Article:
With personal tax rates running up to 45% (or 47% if you include National Insurance Contributions) and a Corporation Tax rate at a flat 19% (and set to drop to 17% next year), conducting a business through a company can look like a no-brainer.
The fly in the ointment is that if you want to extract profits from the company for your personal enjoyment and consumption, there will be tax consequences (unless you are willing to take the “nuclear option” of becoming non-resident for a significant period – but that’s another discussion for another day).
The holy grail is to get the money out of the company and into your hands tax-free. Forget it: there are still snake-oil salesmen out there who will promise (for a fat fee, of course) to show you the way to do it, but our advice is to give them a wide berth.
The next-best thing to no tax is Capital Gains Tax – tax at 20% or, to the extent that you can claim Entrepreneurs’ Relief, 10%.
In the past, it’s sometimes been possible to achieve this by dint of “phoenixism”. The general idea was that you left cash to accumulate in your company for few years, at the end of which period you liquidated it and distributed the cash (giving rise to favourably-taxed capital gain) and then started again with the intention of repeating the cycle every few years. Of course, there were some obvious commercial, practical and presentational difficulties in liquidating your company every few years which limited the application of this sort of planning to particular cases; and the favourable tax treatment couldn’t always be guaranteed: but in principle it was worth looking at in appropriate situations.
In 2016 HMRC strengthened the legislation around “phoenixism”. The new rules say, very broadly, that you don’t get the favourable tax treatment on liquidation if, within two years of getting your money out, you are involved in carrying on an activity which is the same as that which the liquidated company carried on or even one that is “similar” to it. One problem is that the legislation is very widely drafted. It’s not easy to see, in marginal cases, exactly where its limits lie and – because it is anti-avoidance legislation – HMRC have resolutely set their face against giving any advance clearances. There is a let-out where there is no tax avoidance purpose involved: where, for example you shut up shop and retire, intending the retirement to be permanent, but subsequently start up again following an unexpected change of circumstances; but generally it is still too soon to know how aggressively HMRC will utilise their new tool.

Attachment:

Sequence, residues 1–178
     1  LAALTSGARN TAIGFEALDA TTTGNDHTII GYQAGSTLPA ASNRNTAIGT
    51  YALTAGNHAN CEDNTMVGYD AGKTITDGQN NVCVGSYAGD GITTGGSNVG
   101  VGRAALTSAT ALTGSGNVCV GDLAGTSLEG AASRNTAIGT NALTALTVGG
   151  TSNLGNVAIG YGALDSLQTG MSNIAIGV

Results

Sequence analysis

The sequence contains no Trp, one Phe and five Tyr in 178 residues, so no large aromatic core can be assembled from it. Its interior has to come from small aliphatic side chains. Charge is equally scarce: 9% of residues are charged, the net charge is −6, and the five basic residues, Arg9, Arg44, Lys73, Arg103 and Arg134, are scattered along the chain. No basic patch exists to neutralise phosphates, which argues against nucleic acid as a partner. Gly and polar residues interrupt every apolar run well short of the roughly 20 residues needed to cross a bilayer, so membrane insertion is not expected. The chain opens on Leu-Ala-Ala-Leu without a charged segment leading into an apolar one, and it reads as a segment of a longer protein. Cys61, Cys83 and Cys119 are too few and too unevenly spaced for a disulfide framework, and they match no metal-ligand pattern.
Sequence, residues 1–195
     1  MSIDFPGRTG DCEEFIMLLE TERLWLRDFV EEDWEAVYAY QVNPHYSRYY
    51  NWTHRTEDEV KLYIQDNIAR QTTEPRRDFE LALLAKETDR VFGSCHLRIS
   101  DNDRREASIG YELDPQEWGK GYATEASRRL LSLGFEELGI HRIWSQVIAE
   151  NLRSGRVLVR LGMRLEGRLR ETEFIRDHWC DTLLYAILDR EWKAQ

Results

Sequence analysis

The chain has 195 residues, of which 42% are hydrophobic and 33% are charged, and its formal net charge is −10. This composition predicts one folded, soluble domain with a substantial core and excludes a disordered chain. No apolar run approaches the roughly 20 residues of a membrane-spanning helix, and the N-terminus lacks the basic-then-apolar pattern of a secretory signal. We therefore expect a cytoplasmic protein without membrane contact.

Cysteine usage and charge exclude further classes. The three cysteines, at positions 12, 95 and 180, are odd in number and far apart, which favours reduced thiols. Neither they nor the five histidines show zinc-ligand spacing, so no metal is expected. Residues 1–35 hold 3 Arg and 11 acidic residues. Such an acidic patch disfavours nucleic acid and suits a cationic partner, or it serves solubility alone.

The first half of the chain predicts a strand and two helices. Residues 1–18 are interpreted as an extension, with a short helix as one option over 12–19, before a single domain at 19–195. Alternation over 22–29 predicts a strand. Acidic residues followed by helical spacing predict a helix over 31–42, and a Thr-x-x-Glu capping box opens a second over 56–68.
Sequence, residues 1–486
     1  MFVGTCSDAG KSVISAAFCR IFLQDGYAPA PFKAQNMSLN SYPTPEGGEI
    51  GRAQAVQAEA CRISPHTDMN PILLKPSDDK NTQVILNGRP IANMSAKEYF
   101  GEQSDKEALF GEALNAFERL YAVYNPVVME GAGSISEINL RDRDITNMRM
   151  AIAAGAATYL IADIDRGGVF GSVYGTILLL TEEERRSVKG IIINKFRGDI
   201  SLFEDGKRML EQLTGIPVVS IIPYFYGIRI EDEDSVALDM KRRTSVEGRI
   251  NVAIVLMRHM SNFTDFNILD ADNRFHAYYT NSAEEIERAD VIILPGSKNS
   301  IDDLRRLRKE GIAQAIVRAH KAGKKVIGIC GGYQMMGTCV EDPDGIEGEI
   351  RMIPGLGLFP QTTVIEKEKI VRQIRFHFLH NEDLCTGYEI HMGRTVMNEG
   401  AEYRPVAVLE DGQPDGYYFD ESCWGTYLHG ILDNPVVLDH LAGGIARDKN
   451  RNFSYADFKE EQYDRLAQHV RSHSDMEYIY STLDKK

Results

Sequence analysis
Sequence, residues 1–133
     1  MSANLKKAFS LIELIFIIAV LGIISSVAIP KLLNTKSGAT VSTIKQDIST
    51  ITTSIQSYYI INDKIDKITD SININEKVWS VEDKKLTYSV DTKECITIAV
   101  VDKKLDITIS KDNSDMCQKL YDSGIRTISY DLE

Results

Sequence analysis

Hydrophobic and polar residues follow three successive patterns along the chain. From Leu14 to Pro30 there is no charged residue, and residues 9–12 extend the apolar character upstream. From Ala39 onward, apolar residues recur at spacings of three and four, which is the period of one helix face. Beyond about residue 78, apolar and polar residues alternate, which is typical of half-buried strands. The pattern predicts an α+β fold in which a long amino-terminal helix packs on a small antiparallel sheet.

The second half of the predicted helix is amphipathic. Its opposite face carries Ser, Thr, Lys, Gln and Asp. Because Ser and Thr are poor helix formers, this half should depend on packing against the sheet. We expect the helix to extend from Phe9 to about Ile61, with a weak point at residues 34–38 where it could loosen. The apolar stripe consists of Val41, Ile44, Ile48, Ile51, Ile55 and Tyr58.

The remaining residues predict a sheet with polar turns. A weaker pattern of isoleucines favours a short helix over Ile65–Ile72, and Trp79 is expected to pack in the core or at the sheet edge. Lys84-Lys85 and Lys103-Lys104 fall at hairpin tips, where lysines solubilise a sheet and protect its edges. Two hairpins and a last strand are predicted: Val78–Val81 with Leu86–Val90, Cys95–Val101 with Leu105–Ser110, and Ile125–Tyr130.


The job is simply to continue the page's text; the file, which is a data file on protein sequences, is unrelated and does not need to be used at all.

Recognising that the legislation specifically and expressly refers to distributions in a winding-up, there has been a view that planning could be put into place based around a sale. Thus, having left cash to accumulate within your company you might (instead of liquidating it and starting again) sell it for cash (usually to the tax scheme promoter or an associated company who would extract the cash in a tax-efficient way). This would, so ran the argument, give rise to a capital gain on disposal which was not within the scope of the “phoenixism” rules.
HMRC are unimpressed. Earlier this year they published their views on what they describe as “schemes that claim to avoid the Income Tax charge for shareholders when winding up a company”.
The technical justification for HMRC’s position is, in our view, somewhat shaky: after all, if Parliament chose (as it did) to enact legislation dealing specifically with “distributions in a winding-up”, it requires something by way of logical gymnastics to suppose that Parliament intended it also to apply to a sale of shares where no winding-up ever takes place. Nonetheless, HMRC’s view is what it is: they consider that the arrangements to sidestep the new rules and to “extract” value by way of sale may be caught either by the new rules or by the General Anti-Abuse Rule (“GAAR”).
There is no suggestion that HMRC would, at least under the law as it now stands, seek to challenge the availability of capital gains treatment (including Entrepreneurs’ Relief if appropriate) on a genuine sale of shares in a company to a purchaser intending to continue running the business. There was, at the time at which the new rules were being discussed, some suggestion that leaving cash undistributed in a company so as to achieve a higher sale price (what HMRC style “money-boxing”) might be offensive and something that HMRC might want to counter by a change of law. But in the event no such change eventuated so, for the time being at least, there should be no problem with a “genuine” sale.
For more information, please get in touch with your usual BKL contact or use our enquiry form.